Use a measuring tape to calculate the outer surface area of your tire. The simplest way to do this is to place the tape on the ground and ask a helper to drive the car slowly in straight direction, while you wrap it around the tire as the wheel rotates.
Put a jack at the rear side of the vehicle and keep pumping the air in the cylinder till the tires are about 4-5 inches clear of the ground. As you will have to lie underneath the car for the next part, it is recommended to place two fail safe load bearing stands on either sides of the car to ensure maximum safety.
Release the pin in the hydraulic jack so that the car rests only on those two jacks. Spread an old cloth under the surface of the car and don your working clothes. Use flashlight to identify the rear axle. Put one feet long masking tape horizontally on the drive shaft so that it is easily visible from the side of the car, near the rear wheels.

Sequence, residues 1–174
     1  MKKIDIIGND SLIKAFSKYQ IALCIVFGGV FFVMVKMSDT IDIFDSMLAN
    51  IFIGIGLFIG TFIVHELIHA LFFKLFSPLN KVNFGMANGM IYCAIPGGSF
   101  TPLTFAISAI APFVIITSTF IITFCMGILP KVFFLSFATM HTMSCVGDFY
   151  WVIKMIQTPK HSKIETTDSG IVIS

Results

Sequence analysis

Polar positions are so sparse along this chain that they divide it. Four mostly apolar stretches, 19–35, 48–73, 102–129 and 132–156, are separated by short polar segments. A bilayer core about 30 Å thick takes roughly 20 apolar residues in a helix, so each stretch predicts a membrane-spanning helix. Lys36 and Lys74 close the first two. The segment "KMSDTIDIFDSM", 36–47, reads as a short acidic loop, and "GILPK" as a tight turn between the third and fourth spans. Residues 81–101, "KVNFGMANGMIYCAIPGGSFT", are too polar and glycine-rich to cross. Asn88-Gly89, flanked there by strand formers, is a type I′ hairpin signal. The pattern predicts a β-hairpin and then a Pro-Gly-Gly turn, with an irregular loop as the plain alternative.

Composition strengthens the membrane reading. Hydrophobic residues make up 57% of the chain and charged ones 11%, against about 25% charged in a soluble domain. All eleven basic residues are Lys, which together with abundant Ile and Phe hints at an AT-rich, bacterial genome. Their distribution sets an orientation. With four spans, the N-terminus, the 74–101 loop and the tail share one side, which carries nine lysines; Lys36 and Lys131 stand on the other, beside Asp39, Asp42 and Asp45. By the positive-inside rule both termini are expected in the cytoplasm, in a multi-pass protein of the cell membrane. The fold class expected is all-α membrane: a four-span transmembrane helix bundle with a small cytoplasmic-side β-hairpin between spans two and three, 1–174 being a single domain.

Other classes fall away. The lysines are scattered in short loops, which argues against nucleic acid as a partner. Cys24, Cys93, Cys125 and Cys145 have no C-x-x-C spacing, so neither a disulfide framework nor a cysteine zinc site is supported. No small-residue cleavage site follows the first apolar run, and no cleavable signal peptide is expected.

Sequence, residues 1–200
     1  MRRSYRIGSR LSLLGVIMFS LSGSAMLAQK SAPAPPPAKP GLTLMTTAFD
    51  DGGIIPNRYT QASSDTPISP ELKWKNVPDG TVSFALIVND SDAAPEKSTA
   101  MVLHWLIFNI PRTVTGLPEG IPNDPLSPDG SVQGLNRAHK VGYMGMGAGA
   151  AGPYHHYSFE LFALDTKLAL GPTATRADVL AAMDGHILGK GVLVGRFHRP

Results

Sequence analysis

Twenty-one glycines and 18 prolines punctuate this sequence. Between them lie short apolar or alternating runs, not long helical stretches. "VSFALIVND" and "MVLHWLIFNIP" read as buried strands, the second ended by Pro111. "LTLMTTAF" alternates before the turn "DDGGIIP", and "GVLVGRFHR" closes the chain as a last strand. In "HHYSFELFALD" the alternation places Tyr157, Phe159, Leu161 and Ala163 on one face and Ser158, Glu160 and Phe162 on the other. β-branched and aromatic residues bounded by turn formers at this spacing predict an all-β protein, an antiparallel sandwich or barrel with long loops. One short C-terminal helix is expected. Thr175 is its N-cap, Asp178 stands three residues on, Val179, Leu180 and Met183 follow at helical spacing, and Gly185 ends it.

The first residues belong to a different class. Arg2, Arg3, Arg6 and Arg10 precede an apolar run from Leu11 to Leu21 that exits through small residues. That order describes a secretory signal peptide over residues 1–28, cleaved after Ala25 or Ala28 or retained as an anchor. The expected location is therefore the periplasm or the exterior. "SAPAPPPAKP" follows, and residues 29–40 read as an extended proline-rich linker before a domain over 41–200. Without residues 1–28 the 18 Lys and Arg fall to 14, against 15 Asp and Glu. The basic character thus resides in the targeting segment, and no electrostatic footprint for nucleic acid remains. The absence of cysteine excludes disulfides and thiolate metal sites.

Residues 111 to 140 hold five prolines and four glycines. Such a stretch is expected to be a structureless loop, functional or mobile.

Put a piece of making tape on one of the tires as well. Remove the hand brakes and give that tire one complete rotation. Measure the distance travelled by the masking tape on the shaft. If the distance is too small to be measured, rotate the tire about 10 times to get a better reading.
Measure the number of revolutions the drive shaft completes during the 10 rotations of the vehicle. The formula for calculating the gear ratio is quite simple. The gearing ratio of an axle is equal to the number of rotations taken by the drive shaft ratio the number of rotations of the wheel.
For example if the drive shaft turned 3.25 times in one rotation of tire, your gear ration is 3.25: 1.